The US Congress has given final approval to sell three attack helicopters to Turkey's military, in another indication that the bilateral relationship is back on track.
The sale of three AH-1W Super Cobra helicopters, drawn from the Marine Corps inventory, has been on the table for some time. There was some opposition in the House, spearheaded by Democratic congressmen, who said that they were "deeply concerned by Turkey’s increased saber rattling, its threats against Israel, its outlook toward the European Union, its occupation of Cyprus and its unrelenting blockade of Armenia”.
Israel aside, there's nothing new in that list, certainly that's not stopped previous US Administrations from selling weaponry to Turkey and closely cooperating in the military-technical sphere. Like so many critics, the objections also seem to overlook the rather salient fact that Ankara remains a fully paid-up member of NATO, a vital partner in post-American Iraq and soon to be the host of an anti-Iranian missile defence system.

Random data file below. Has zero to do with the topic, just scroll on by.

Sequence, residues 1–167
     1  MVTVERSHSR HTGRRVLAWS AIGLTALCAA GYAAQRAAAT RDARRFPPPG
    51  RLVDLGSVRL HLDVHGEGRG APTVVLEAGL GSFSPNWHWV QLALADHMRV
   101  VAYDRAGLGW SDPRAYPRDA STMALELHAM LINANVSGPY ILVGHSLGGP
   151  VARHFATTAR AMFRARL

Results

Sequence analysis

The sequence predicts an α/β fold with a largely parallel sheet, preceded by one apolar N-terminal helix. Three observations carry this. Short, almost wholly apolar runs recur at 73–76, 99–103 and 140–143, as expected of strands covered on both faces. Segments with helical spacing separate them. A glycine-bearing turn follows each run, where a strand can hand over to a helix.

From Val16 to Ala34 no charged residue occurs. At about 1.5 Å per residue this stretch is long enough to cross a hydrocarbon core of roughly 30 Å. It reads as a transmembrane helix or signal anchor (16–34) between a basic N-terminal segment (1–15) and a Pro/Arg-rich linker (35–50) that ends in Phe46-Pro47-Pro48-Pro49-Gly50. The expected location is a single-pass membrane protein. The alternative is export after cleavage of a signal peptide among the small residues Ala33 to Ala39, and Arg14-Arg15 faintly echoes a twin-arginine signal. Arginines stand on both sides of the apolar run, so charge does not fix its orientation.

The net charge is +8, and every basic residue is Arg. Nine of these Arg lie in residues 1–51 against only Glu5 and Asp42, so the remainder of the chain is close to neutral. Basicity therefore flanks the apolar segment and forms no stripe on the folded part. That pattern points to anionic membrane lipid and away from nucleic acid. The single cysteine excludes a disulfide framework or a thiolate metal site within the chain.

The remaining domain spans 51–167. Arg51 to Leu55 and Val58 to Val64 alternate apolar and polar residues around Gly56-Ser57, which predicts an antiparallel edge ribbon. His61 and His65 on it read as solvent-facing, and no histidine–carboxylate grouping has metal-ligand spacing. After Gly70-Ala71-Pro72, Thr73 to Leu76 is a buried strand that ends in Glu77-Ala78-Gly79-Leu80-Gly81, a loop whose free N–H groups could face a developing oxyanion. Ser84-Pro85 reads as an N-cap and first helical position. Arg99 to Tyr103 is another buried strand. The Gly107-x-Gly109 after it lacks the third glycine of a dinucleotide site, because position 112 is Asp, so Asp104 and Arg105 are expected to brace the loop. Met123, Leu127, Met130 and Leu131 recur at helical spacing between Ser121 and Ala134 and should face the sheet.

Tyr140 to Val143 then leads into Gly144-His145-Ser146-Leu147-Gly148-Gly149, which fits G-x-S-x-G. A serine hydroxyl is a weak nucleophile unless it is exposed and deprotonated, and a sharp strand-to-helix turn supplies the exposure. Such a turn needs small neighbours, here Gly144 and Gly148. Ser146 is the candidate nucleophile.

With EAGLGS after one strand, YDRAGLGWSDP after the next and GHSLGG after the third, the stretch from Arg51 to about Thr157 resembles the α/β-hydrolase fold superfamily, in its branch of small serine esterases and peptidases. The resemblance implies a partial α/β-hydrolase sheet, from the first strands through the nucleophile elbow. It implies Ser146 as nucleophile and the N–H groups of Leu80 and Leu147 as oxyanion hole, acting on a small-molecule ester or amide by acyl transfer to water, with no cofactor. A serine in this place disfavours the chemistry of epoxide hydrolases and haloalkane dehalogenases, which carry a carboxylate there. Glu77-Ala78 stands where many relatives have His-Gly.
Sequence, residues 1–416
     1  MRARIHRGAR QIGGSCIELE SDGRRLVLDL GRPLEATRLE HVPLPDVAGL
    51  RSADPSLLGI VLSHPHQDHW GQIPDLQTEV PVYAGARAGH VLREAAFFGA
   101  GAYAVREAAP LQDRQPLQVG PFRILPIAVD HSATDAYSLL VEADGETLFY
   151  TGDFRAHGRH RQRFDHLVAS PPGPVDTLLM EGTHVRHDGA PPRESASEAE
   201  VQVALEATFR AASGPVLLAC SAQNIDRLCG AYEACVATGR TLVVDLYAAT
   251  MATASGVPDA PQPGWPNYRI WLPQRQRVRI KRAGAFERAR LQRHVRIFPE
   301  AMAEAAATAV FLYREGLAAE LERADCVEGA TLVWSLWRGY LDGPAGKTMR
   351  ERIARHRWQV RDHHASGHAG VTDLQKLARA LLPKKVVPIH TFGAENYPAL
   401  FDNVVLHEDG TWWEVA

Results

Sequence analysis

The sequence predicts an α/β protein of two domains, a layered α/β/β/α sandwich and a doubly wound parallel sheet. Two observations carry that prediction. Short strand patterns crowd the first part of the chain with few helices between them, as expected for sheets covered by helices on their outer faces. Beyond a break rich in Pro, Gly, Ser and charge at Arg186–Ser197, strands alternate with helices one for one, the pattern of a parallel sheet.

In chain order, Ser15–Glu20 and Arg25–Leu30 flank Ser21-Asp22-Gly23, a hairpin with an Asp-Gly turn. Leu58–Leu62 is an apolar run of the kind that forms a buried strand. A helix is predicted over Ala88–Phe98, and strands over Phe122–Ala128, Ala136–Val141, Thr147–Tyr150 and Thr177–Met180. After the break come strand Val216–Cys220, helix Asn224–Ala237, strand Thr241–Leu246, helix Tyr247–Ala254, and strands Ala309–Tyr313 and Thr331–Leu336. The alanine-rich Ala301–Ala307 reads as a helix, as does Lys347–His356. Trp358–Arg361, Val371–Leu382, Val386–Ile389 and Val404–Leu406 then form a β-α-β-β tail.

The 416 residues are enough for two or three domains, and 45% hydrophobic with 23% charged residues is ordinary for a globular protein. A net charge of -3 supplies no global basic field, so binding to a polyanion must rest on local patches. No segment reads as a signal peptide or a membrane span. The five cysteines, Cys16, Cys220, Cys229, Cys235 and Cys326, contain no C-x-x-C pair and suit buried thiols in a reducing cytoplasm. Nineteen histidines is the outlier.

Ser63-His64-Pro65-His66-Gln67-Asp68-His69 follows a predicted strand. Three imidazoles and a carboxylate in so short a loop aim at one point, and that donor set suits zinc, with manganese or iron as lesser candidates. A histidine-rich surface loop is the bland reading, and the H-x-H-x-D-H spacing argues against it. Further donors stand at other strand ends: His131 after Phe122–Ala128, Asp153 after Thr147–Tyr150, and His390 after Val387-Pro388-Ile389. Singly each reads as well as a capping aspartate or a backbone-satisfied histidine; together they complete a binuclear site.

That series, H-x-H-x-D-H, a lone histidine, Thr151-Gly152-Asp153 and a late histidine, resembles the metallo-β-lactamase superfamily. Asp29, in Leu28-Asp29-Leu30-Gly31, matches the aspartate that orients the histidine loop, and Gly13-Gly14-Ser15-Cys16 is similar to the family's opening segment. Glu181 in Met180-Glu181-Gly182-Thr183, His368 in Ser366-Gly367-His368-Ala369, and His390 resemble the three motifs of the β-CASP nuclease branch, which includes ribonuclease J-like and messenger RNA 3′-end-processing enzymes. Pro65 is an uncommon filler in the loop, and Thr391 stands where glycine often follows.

The $111 million sale will give Ankara a fillip in its renewed fight against the PKK. According to Hürriyet, Turkey purchased ten Super Cobras in the 1990s but only six are now operational, so the new acquisition will help to restore the military’s airborne capabilities.
A shortage of helicopters is a serious Achilles’ heel in taking the fight to the PKK’s mountain hideouts, and Turkish Aerospace Industries is working with Italy’s AgustaWestland to produce over 50 T-129 attack choppers to the tune of $3.2 billion.
The Super Cobra sale is a direct quid pro quo for hosting the missile shield, but it’s also just the prelude to a much more significant sale: of armed Predator and Reaper drones. If the impasse between Turkey and Israel continues, the Pentagon and pro-Turkish groups on Capitol Hill are going to have a fight on their hands to secure that particular prize.